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There's more than one type of data platform that organizations can choose for different use cases, including transactional, operational and analytical.
Then there's the translytical data platform, a model that combines all three database types into a unified instance.
A key challenge that translytical data platforms aim to solve is database sprawl. With a unified model, rather than having multiple databases to handle data and analytics, users can choose to have it all in one.
Using an operational or transactional database and then moving data to an analytics platform has long involved time and performance costs. With a translytical data platform, capabilities are built in to handle data efficiently for multiple applications.
The market for translytical data platforms is expanding, with multiple vendors all vying for a share. Oracle, SAP, Microsoft and IBM are all top ranked in the category in Forrester's fourth-quarter 2019 report on the translytical data platform market, released Oct. 23.
"Translytical databases vastly simplify business processes as one needs to maintain only one database, without the need for complex data movement, federation and reconciliation across multiple databases," said Tirthankar Lahiri, senior vice president, data and in-Memory technologies at Oracle. "As businesses now transform into real-time and digital enterprises, the need for translytical capabilities becomes even more acute."
For instance, Lahiri noted that financial transactions such as credit card charges or debit card withdrawals must be evaluated for fraud before they are allowed to be completed. This requires complex fraud scoring analysis to run within the boundaries of each financial transaction.
Also, telecommunications vendors must constantly optimize their networks based on real-time network congestion metrics -- metrics that are being continuously gathered and analyzed while an extremely high volume of cellular traffic is also being processed. This requires translytical or converged processing of network analytics, session establishment transactions, authorization and billing transactions, all within the same database.
Translytical data platform capabilities
Several characteristics and features help to define a leading translytical data platform. Among the key features is an in-memory capability for data processing.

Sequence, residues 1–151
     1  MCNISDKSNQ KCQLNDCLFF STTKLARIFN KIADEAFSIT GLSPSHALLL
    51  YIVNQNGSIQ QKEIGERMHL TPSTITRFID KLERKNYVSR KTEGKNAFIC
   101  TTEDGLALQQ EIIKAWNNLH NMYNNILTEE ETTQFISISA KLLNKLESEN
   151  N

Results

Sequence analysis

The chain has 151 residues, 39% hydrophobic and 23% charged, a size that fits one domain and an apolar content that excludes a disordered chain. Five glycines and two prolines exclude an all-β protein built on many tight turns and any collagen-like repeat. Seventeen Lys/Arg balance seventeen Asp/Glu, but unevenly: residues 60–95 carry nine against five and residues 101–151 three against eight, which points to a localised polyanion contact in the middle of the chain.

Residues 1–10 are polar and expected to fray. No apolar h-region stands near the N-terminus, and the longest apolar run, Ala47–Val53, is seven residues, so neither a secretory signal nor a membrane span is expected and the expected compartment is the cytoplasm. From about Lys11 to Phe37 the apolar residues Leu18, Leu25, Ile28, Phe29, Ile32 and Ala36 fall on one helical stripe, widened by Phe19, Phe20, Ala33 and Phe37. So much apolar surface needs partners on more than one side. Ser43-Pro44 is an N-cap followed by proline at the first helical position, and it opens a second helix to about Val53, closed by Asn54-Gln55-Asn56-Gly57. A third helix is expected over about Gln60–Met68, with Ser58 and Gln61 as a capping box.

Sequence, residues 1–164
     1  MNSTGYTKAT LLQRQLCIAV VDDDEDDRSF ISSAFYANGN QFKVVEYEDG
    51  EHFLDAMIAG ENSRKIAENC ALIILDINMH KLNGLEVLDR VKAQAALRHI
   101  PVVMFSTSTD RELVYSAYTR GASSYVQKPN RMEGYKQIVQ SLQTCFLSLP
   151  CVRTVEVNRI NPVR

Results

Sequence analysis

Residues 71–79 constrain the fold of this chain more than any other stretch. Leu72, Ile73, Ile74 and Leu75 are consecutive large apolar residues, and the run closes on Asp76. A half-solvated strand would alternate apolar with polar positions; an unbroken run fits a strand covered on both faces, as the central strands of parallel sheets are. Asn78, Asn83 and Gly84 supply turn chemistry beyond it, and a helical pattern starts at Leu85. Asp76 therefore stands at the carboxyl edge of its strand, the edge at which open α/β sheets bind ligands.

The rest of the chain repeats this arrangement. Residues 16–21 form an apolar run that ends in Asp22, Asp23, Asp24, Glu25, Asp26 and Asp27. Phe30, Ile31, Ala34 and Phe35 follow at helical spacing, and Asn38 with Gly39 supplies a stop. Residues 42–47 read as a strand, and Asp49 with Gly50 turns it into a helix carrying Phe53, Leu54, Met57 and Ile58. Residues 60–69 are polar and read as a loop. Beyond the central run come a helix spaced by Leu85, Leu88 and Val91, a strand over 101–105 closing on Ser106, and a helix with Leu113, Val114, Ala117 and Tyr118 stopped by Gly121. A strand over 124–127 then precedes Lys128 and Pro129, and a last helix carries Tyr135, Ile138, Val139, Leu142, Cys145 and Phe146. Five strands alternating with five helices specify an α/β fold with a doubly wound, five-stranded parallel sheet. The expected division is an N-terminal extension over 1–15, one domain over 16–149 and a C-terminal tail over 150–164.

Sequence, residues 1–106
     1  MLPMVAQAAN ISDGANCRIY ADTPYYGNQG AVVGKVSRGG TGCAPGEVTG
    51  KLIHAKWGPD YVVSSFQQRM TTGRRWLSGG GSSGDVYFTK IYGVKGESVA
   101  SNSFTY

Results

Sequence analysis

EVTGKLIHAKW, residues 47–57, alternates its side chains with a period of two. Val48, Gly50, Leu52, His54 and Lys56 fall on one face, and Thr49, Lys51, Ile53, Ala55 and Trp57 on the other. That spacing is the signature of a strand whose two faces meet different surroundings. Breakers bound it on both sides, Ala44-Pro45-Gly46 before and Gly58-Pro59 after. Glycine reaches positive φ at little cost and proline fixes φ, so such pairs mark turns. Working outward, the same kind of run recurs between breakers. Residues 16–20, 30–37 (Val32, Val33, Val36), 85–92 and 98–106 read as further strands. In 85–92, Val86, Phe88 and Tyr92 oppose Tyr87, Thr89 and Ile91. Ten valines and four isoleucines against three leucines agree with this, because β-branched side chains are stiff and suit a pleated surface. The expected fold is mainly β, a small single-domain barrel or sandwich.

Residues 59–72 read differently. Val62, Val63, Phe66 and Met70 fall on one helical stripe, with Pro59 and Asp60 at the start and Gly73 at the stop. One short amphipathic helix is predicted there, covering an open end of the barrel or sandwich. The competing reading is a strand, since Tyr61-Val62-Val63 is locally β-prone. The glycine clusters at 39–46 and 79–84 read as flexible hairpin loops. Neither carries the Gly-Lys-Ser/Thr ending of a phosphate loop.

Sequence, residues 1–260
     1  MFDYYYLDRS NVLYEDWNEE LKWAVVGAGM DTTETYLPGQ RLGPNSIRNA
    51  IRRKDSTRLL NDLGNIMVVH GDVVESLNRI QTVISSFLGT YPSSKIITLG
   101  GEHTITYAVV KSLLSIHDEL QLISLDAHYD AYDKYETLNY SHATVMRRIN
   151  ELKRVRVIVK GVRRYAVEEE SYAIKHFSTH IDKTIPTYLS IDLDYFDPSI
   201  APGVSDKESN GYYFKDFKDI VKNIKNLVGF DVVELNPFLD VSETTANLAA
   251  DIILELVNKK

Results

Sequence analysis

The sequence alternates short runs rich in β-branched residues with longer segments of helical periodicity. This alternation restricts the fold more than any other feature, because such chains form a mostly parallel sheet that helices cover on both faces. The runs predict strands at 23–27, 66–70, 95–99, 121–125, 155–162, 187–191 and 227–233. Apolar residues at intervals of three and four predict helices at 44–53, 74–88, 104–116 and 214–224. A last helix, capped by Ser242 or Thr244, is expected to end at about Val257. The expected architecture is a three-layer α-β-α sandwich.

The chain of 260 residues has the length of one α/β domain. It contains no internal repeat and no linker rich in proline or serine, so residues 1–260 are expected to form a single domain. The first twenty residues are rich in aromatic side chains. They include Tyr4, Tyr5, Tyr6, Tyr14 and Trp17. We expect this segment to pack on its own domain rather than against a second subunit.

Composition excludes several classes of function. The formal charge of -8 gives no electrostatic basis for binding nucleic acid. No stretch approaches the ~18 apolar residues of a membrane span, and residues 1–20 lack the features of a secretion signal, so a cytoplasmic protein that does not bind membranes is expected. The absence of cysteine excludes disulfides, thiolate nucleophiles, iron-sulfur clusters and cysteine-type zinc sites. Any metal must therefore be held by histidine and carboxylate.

In-memory is an important component in a translytical platform that ensures low-latency access to critical data used for various workloads, noted Forrester analyst Noel Yuhanna.
Noel YuhannaAnalyst, Forrester
"Translytical is a unified database that supports transactions, analytics, operational insights and other workloads in real-time without sacrificing transactional integrity, performance or scale," Yuhanna said. "Historically, we have separated these workloads with an independent database because of performance reasons."
With memory prices continuing to fall and new Intel Optane persistent memory starting to attract customers, Yuhanna noted that users can now have hundreds of terabytes of in-memory for databases that changes the way users store, process and access data for applications and insights.
"Translytical is the next-generation database platform that leverages in-memory including DRAM, persistent memory and SSD, to support multiple workloads," he said.
SQL and ETL
Underpinning all data platforms are two core concepts, the ability to load data and the ability to query data. With traditional data platforms, SQL has long been the standard for queries. This standard holds for translytical data platforms as well.
"You can use SQL to access translytical, which is sufficient to support various workloads including operational, transactional and analytical," Yuhanna said. "But you can also use APIs to enable developers to build even more sophisticated applications using Java, Python, Perl, or other popular languages."
While SQL still has a place in the translytical data platform landscape, the same is not true for ETL (extract, transform and load). Yuhanna said no ETL is required with translytical, since it eliminates data movement. Traditionally, with a transactional database, an ETL job would move data to an operational database and from there to a data warehouse or analytical platform.
"Since all of these workloads are in a single database, ETL is not needed anymore," Yuhanna said. "This elimination of ETL is why translytical is a different type of database, and can deliver real-time analytics and operational insights, since you can run the queries as soon as the transactions take place."
The translytical data platform space will continue to evolve with vendors adding new capabilities, according to Forrester.
"We are likely to see more automation in the space, with automatic query optimization, further integration with Intel Optane persistent memory, and automated tiering of data across DRAM, flash and SSD," Yuhanna said. "We also expect translytical to become further cloud-enabled, with translytical-as-a-service offerings in the coming years."